Billy Lynn’s Long Halftime Walk is a perfect title for this historic cinematic feat. It’s pointlessly long, unimaginative, pedantic, and shallow. It’s a movie with breathtaking visuals that make the viewer aware of each and every passing minute.
I saw Billy Lynn the way Ang Lee meant for it to be seen; in 3D at 120FPS. The FPS stands for frames per second. The frames per second refer to the number of frames you see per second projected onto the screen. The higher the frame rate, the crisper the image.
The average movie is approximately 24FPS. Peter Jackson’s The Hobbit was 48. Billy Lynn is 120. No film has ever been shot at this high of a frame rate before, for a good reason.
Ang Lee and his cinematographer John Toll have crafted one of the most jarring yet oddly tedious movies in recent memory. Shooting the film at 120FPS means everything looks more real. The problem is when everything looks real, the things that do not look more unreal.
The majority of the movie takes place at a football stadium of a nameless Texan NFL team. It’s a sound stage. Of course, it is. But with the high frame rate you can tell. The realness has tipped over into revealing the fakery involved in the production.
Maybe that’s the point. Maybe Lee is trying to heighten the unreality of the situation to symbolize Billy’s (Joe Alwyn) PTSD. The man did rush into enemy fire to rescue his Krishna-spouting commanding officer, Shroom (Vin Diesel). Or maybe he’s trying to show how all the pomp and circumstance we give our boys overseas are just hollow pageantry.
Lee flashes back and forth between Billy and Bravo team in Iraq, Billy at home, and the stadium. It’s not until the titular halftime show that we get the moment that has made Billy famous. The irony is the scene itself is pretty good. Except you are taken out of it again because of the fps. When the soldiers are firing on the insurgents, the camera is beside them. The clarity of the image though doesn’t heighten the reality so much as make you feel like you’re watching a very long-involved first-person shooter.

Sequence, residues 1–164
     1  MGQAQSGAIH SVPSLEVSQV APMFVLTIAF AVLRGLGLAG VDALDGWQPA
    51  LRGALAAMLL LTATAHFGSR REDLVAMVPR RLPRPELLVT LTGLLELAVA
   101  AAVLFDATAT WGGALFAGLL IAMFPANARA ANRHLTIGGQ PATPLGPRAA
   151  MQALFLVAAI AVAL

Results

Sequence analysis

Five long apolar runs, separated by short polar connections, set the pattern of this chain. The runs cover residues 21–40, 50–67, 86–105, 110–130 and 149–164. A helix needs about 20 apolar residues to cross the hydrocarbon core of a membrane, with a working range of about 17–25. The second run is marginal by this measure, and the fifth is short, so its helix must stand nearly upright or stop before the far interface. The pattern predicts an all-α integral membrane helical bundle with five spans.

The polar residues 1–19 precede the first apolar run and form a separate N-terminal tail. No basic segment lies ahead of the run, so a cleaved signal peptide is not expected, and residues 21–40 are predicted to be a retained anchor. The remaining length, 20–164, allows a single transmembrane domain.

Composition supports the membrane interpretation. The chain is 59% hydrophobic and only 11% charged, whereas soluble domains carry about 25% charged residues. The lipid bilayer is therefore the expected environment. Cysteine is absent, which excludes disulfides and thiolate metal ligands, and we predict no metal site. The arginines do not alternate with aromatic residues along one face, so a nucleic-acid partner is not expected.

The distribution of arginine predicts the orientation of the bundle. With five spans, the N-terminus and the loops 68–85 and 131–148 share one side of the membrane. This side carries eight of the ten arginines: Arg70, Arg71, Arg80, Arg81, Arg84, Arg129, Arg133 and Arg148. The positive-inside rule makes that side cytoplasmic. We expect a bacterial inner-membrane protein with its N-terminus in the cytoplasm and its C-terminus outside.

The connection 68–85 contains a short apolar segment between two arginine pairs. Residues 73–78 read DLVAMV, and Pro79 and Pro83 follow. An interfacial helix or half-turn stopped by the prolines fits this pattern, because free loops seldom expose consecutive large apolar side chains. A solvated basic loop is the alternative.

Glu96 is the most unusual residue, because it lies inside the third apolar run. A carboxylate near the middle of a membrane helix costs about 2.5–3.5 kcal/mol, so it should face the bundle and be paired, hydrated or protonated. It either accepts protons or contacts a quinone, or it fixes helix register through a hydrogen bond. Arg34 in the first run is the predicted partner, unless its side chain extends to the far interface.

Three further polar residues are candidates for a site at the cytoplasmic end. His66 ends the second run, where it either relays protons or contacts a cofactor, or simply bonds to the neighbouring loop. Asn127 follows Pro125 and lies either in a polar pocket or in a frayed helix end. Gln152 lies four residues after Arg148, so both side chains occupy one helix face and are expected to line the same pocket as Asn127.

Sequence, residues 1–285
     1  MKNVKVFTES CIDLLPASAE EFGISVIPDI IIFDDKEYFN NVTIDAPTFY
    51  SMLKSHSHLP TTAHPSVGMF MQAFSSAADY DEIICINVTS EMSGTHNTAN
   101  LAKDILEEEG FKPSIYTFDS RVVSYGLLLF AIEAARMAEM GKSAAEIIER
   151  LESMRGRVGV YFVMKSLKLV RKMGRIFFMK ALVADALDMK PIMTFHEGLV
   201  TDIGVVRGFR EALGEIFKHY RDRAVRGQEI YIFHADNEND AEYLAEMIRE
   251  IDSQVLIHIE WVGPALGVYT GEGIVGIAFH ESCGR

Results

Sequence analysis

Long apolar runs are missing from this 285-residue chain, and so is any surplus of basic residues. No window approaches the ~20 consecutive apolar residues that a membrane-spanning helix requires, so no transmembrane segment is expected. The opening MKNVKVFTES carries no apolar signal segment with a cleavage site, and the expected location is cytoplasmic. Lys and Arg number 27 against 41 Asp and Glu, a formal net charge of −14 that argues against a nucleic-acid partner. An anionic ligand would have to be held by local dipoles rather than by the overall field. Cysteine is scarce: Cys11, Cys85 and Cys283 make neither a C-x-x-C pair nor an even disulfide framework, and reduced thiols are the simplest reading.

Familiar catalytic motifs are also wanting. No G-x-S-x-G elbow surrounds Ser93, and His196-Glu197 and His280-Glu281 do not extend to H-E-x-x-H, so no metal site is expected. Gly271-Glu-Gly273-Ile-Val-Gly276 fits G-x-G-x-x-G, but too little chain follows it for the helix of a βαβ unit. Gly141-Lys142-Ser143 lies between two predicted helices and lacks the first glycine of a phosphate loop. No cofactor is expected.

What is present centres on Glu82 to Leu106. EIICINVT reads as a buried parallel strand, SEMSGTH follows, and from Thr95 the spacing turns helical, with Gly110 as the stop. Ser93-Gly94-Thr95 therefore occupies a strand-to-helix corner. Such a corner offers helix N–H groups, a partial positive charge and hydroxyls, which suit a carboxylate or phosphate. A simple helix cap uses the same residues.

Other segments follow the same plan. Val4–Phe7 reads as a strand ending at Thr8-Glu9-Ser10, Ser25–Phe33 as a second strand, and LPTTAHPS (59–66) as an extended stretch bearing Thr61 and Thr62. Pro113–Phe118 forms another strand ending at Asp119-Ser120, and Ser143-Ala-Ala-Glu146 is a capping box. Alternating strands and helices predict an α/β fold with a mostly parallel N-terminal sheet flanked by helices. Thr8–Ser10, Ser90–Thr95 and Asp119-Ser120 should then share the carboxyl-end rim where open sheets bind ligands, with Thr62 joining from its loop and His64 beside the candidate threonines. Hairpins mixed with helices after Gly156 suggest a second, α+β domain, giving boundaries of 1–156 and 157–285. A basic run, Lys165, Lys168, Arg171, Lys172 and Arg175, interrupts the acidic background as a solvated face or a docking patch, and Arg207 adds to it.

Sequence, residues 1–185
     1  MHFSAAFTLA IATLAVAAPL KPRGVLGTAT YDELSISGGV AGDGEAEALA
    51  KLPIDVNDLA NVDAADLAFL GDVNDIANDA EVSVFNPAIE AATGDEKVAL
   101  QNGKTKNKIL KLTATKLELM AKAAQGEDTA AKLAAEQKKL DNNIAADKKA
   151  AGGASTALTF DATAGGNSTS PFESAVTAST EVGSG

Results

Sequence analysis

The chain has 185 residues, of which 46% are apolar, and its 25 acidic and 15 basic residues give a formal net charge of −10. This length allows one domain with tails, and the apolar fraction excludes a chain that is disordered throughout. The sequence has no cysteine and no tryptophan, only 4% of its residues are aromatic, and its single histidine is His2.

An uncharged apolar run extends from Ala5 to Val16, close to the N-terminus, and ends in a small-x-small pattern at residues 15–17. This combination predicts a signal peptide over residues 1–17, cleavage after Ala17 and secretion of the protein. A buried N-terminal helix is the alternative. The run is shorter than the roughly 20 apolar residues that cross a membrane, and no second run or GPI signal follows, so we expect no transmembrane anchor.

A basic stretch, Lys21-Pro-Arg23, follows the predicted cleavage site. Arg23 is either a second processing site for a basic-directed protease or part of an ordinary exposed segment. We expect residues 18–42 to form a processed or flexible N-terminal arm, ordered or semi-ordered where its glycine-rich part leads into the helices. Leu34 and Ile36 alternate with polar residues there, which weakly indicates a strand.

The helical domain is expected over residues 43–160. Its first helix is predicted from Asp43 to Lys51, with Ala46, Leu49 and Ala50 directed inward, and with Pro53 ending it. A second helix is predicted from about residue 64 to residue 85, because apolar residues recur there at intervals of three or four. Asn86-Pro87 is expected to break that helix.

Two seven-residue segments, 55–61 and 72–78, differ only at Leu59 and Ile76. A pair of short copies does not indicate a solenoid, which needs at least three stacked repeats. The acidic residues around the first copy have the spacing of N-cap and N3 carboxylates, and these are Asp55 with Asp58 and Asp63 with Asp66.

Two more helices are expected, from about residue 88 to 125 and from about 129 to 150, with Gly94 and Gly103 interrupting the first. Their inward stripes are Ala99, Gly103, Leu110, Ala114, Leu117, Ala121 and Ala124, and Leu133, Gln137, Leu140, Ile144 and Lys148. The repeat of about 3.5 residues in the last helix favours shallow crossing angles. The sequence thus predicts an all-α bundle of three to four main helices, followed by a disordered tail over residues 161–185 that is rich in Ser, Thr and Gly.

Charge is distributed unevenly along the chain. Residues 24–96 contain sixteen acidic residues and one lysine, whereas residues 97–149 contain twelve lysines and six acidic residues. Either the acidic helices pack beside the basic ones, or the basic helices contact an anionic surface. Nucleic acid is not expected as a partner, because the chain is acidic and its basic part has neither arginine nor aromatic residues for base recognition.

The movie groans under the weight of its melodramatic script. Jean-Christophe Castelli adapted the story from Ben Fountain’s book. It’s fair to say maybe the story should have remained in the book unread by me. The dialogue ricochets wildly from monosyllabic to cliche locker room banter. The characters behave so erratically we are never allowed to believe these people are real.
No one talks like this. No one behaves like this. Billy Lynn’s Long Halftime Walk isn’t populated with people. It’s filled with cutouts, not even the good old-fashioned cardboard kind, either. The newer version of fake. The kind that looks so shiny and real as to make you lean back in your seat, recoiling from the uncanny valley effect.
The story meanders at such a pace from scene to the next as to make you aware of all the time slowly slipping out of your grasp. The movie is a maddening exercise of small magical moments obliterated by this stumbling lazy tone-deaf script.
If this experiment is to work, then the entire language of film as a medium might have to be revised. The simple panning shot is transformed from the simple, elegant act of showing a character move within their space into a tedious waiting period between scenes. Actors appear to be waiting off-stage waiting for the main character’s entrance. It feels like community theater as opposed to larger-than-life images flickering on a towering screen.
Nothing works. Not the characters, the story, or the 120 fps. Nothing. This isn’t a film; it’s a damn shame.